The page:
RCSLT Responds to Down Syndrome Act Call for Evidence

RCSLT responded to the Department of Health and Social Care’s call for evidence on the Down Syndrome Act statutory guidelines.

We are pleased that the call for evidence recognizes the role of speech therapy and the challenges some people with Down syndrome and their families may experience accessing it.

Anything that addresses these challenges and ensures better access to speech therapy for people with Down syndrome is welcome.

Down syndrome and speech therapy

We know how much people with Down syndrome, their families and caregivers appreciate speech therapy. In a 2021 survey (PDF), 96% of respondents said that speech therapy makes their life better. 52% said it made their caregiver’s life better.

We also know the impact of not having access to speech therapy. In the same survey, people with Down syndrome told us that having less or no speech therapy during the first UK-wide lockdown (March-June 2020) had made their lives worse, including their lives society, their friendships and their education. .

What the Down Syndrome Act Statutory Guidelines Must Do

In its response to the consultation on the call for evidence, the government should set out a clear plan for how speech and language services will be better resourced to meet the communication and/or swallowing needs of people with Down syndrome.

The government must also indicate how it intends to respond to the recommendations made by the RCSLT in the areas of physical and mental health services, social assistance for adults and housing. It should also extend statutory guidance to cover justice and secure environments.

More specifically, the government must present proposals for:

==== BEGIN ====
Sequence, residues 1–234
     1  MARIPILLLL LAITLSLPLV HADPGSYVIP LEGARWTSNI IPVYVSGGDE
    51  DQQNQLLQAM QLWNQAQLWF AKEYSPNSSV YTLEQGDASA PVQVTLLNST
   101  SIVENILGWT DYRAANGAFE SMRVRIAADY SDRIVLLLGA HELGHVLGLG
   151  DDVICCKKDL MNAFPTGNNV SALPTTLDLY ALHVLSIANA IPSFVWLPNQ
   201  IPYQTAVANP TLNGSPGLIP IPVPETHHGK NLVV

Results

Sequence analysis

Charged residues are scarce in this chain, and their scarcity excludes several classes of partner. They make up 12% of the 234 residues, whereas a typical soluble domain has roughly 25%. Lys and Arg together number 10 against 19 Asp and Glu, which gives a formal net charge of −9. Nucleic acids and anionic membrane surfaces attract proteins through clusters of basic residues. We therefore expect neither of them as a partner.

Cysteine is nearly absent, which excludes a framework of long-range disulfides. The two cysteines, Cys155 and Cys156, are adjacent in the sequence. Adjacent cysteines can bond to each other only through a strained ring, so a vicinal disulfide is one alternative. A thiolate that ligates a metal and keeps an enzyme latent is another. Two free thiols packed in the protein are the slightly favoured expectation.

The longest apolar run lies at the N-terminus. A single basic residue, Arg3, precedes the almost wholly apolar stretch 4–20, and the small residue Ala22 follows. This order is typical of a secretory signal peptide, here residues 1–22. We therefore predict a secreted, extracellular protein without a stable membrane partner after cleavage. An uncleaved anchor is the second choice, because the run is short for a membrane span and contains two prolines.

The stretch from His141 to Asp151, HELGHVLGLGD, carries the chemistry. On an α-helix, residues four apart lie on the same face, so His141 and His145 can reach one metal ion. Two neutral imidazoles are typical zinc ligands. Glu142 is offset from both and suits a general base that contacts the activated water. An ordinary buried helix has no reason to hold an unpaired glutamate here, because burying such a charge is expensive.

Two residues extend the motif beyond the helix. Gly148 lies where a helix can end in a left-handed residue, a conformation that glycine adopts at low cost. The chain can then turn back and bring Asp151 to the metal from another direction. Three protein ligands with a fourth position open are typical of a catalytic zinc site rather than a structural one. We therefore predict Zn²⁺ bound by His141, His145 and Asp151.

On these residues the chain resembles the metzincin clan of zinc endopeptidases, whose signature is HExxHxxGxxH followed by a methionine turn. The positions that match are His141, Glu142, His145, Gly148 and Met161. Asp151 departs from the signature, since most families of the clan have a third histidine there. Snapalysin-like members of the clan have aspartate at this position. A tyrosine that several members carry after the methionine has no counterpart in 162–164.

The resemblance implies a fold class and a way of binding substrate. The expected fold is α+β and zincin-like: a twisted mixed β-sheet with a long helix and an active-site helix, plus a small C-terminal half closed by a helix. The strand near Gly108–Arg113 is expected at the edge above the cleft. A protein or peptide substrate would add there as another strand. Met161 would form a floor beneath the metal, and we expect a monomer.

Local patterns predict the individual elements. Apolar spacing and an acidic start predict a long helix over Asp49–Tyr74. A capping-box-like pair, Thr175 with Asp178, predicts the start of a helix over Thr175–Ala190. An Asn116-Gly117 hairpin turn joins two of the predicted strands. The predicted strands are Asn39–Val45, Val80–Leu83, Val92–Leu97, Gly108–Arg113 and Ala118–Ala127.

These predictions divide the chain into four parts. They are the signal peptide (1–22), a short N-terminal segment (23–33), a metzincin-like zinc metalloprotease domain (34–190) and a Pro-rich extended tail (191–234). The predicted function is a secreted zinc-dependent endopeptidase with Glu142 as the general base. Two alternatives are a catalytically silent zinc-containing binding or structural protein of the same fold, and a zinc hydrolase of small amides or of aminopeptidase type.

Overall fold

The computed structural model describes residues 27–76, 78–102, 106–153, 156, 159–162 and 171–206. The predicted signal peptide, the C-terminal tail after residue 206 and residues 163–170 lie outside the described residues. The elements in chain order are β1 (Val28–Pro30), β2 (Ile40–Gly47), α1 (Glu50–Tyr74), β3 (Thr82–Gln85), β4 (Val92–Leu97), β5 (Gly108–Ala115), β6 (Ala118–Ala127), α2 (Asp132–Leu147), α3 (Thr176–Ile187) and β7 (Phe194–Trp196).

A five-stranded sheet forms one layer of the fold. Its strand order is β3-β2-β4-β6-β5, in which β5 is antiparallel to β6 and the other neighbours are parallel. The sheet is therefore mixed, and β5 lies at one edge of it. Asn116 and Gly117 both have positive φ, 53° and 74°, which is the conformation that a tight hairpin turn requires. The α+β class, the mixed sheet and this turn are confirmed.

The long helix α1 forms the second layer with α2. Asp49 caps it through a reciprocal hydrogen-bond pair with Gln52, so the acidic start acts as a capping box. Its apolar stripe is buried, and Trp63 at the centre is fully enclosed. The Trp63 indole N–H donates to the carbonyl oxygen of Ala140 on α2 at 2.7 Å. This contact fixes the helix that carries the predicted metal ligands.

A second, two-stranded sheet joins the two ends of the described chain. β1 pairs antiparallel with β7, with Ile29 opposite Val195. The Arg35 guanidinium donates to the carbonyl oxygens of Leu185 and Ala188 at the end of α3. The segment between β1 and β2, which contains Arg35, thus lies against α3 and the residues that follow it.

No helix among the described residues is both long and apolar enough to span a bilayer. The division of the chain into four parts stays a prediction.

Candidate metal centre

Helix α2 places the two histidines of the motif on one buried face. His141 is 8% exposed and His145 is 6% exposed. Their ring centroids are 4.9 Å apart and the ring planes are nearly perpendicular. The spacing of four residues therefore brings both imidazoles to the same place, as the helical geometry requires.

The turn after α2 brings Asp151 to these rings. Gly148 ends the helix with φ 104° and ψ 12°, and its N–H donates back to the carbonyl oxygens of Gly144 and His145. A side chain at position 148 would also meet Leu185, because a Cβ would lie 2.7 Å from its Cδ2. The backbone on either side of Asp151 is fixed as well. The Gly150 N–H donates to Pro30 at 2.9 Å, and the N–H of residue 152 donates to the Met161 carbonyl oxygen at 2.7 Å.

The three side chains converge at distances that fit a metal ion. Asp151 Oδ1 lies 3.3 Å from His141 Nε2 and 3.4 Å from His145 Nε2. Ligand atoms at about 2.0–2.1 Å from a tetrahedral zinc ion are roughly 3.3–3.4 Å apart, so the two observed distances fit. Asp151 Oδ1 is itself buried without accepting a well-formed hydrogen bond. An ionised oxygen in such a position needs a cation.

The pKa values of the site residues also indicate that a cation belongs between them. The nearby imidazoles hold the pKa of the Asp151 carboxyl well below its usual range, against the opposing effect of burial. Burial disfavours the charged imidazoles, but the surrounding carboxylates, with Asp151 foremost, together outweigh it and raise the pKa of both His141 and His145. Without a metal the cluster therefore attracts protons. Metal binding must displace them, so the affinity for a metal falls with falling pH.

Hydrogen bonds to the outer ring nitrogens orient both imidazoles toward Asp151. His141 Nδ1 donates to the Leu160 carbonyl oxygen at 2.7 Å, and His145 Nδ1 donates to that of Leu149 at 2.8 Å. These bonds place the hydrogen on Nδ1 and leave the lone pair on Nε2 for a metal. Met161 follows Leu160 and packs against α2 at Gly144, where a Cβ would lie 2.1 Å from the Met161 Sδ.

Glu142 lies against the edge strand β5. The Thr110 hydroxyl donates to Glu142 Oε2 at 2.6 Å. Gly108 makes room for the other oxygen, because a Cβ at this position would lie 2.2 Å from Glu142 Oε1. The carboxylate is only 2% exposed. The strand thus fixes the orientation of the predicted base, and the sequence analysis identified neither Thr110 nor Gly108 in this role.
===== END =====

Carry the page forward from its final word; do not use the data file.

• ensure that people with Down syndrome are better supported to express their preferences and wishes, to make decisions about their own lives and to live the life they want to live;
  • ensure that people’s communication, food, drink and swallowing needs are identified and addressed;
  • remove barriers that prevent people with Down syndrome from accessing services;
  • address known health inequalities recognized in successive LeDeR reports; and
  • improve the accessibility of services, in particular by adopting an inclusive communication approach, in particular by integrating the 5 good communication standards (PDF).

What else should the government do

The government must also do more. Not just for people with Down syndrome and their families and caregivers; but for those with other genetic conditions, other learning disabilities, and anyone with a communication and/or swallowing need, whatever the cause. The barriers we have identified that people with Down syndrome face in accessing services are also barriers that other people with communication and/or swallowing needs also face.

Specifically, the government must act in the following areas:

  • Resources: it must make sufficient resources available to ensure that any enhanced support for people with Down syndrome does not divert resources from people with other genetic conditions and learning disabilities.
  • Other genetic diseases and learning disabilities: it must also ensure that people with other genetic conditions and learning disabilities can access the speech therapy they need.
  • Workforce planning: it must improve the planning of the speech-language pathology workforce, with regard to the recruitment, retention and development of the clinical specialties of speech-language pathologists, so that there is a sufficient number of speech-language pathologists with the right level of specialization in supporting people with Down syndrome and other genetic diseases and learning disabilities.
  • All conditions: it must ensure that anyone with a need for communication and swallowing, whatever the cause, likely to benefit from speech therapy can access it.

Next steps

RCSLT looks forward to working with the government, our charitable partners and our members, as the statutory guidelines for the Down Syndrome Act are developed, and to improve access to speech therapy for all.

Read our brief in its entirety (PDF)

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